Thursday, September 10, 2015

The Bat Flies Low: Review

The Bat Flies Low by Sax Rohmer (1935)

illustrations by John Richard Flanagan
From the pen of the author who brought the world Dr. Fu Manchu, comes a tale of adventure and romance with a dash of mystery and intrigue. The story begins in New York City but the heart of the mystery lies in the burning sands of Egypt. Lincoln Hayes, wealthy eligible bachelor, comes into possession of a portion of an ancient manuscript which seems to hold the secret of an ancient lamp with an extraordinary source of light on the same evening he makes the acquaintance of a mysterious Egyptian, . Hayes owns a prominent lighting company and hopes his associates, Captain Rorke and Ulrich Stefanson will be able to recreate the process. Before his experts can complete an examination of  and fully decode the document, there is a flash of blinding light and the document and notations made by Stefanson disappear along with the Egyptian, Mohammed Ahmes Bey. Stefanson, however, possesses an incredible memory and begins reconstructing the documents and notes. Rorke's memory is for a map that leads to the original source of the lamps. And Hayes decides that the group should head to Egypt to find more information.
 
Hayes's secretary will be hypnotized and the documents Stefanson puts together from memory will also be stolen. Then Stefanson's memory will be wiped while a shadowy bat-like form haunts their dreams and follows where they go. Agents for a rival company are out to beat Hayes to the secrets and the Bey's men are also on the trail. There are mysterious doings at a hidden fortress in the desert and a bang-up finish back in the States when the wrath of the gods is visited upon those who try to apply the wisdom of the ancients without sufficient wisdom of their own.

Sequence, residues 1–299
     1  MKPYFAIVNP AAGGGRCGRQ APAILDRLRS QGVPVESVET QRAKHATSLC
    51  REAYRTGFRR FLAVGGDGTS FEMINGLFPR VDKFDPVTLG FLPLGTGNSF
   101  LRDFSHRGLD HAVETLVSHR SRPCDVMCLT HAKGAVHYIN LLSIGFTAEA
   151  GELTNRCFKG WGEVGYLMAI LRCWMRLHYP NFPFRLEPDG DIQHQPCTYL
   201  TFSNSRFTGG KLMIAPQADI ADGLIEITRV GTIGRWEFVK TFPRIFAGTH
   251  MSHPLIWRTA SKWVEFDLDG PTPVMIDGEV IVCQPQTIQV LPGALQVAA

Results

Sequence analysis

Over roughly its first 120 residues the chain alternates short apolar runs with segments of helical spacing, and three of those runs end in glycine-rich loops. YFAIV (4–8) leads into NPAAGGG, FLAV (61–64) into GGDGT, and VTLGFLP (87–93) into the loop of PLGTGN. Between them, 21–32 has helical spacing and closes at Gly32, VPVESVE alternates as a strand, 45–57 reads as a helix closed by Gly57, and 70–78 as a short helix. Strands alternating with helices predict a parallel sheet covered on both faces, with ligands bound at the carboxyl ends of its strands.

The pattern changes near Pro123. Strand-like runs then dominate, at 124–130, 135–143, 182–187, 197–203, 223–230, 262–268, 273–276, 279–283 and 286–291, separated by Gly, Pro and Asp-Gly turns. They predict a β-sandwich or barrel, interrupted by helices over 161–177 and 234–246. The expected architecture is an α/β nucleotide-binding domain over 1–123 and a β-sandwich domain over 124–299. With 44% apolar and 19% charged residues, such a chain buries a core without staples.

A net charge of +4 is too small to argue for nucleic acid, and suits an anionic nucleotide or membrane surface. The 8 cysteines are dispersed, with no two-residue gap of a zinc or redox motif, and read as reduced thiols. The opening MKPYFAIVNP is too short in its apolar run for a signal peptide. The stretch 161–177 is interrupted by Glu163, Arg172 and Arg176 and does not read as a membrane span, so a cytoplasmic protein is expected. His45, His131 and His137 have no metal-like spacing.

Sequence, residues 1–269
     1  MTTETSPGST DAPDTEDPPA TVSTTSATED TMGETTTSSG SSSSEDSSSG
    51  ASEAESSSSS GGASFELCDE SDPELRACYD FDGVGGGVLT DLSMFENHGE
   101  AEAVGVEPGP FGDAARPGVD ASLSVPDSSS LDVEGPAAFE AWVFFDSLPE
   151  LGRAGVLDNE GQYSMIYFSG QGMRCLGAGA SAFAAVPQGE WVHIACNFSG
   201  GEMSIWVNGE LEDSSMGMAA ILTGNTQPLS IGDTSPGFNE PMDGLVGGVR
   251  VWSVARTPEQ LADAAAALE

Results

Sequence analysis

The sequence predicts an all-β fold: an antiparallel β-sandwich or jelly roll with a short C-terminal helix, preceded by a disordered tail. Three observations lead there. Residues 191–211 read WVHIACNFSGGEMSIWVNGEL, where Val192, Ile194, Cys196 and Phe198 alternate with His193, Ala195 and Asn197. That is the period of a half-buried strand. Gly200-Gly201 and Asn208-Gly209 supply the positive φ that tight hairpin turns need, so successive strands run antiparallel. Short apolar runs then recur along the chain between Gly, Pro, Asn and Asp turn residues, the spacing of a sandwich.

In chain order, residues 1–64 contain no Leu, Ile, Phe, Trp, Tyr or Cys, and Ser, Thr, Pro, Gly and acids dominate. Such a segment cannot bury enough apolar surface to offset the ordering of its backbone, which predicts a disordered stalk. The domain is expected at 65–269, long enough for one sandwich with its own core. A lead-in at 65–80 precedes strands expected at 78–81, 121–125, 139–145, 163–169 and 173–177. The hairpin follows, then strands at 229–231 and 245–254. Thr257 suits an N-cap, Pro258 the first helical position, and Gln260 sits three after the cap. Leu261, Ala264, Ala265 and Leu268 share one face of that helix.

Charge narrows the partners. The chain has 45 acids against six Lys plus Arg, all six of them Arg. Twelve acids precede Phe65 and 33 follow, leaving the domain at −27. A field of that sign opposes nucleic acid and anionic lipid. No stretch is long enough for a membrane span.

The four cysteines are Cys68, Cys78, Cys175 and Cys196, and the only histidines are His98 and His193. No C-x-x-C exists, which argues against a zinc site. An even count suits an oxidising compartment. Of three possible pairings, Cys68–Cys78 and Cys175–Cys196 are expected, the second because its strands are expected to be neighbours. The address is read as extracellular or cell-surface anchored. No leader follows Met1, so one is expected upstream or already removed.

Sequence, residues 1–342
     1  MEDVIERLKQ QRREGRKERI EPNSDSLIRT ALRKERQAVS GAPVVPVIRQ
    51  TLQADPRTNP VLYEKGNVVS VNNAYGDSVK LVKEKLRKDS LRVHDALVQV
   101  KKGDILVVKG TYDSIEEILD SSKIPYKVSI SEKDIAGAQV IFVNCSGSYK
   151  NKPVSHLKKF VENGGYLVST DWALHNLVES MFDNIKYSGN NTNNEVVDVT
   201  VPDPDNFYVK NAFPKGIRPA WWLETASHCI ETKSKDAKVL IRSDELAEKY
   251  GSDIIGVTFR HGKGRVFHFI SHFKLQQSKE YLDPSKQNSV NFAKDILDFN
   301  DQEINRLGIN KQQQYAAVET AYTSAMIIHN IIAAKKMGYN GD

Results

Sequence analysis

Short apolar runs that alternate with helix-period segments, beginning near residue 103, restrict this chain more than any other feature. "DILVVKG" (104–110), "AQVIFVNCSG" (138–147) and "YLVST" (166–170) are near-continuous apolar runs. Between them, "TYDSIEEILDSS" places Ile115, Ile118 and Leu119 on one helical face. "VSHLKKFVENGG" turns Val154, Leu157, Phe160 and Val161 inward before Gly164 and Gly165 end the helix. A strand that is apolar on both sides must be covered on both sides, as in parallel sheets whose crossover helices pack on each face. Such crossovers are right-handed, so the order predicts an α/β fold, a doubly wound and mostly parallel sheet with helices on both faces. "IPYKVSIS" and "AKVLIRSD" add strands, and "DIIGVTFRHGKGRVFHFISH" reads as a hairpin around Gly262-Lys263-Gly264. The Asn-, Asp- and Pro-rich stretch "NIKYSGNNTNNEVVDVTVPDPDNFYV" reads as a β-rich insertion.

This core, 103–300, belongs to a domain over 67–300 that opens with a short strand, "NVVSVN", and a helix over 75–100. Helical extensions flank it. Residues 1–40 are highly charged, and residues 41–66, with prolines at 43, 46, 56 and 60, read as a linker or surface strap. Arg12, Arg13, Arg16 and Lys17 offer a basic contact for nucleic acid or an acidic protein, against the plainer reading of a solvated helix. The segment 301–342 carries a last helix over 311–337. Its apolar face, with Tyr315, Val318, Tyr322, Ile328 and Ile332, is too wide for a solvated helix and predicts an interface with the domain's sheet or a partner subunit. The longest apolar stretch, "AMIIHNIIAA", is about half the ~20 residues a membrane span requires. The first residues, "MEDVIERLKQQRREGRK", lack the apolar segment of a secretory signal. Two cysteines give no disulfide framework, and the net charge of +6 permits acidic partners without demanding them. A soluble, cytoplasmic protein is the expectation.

Rohmer is so well-known for his Fu Manchu, "yellow peril" novels that one expects to be stepping into a world where racial stereotypes abound when opening a Rohmer novel. Surprisingly, there is little of that going on here--I won't say there isn't any, but prejudices are not in full flower as they have been in my previous Rohmer experiences (The Golden Scorpion and The Insidious Dr. Fu-Manchu). Perhaps it is because there is no super villain looking to crush our heroes. This is more of an adventure featuring a bit of (mild) industrial espionage and efforts by Bey to keep ancient wisdom out of the hands of those who aren't ready to use it.

But Rohmer does keep up his standards in the action adventure arena. He's still your man if you're looking for fast-moving, pulpy fun. And if you're into beautiful, mysterious, women who are strangely enslaved to the mysterious shadow figures, but have a fondness for our gallant heroes while alternately helping and hindering (according to the master's bidding), then he's got the goods. It makes for an exciting story with little mystery to unravel, but a good read for a lazy summer afternoon.

Just a couple of quibbles--our gallant hero in this outing, Lincoln Hayes, is not a particularly likable fellow. He's not horrible or mean. He's just kind of blah. No real personality to speak of through most of the story and he speaks in a very terse speech pattern that tends to leave out the subjects in his sentences. The speech pattern doesn't help the lack of spark. Fortunately his associates make up for his deficiencies.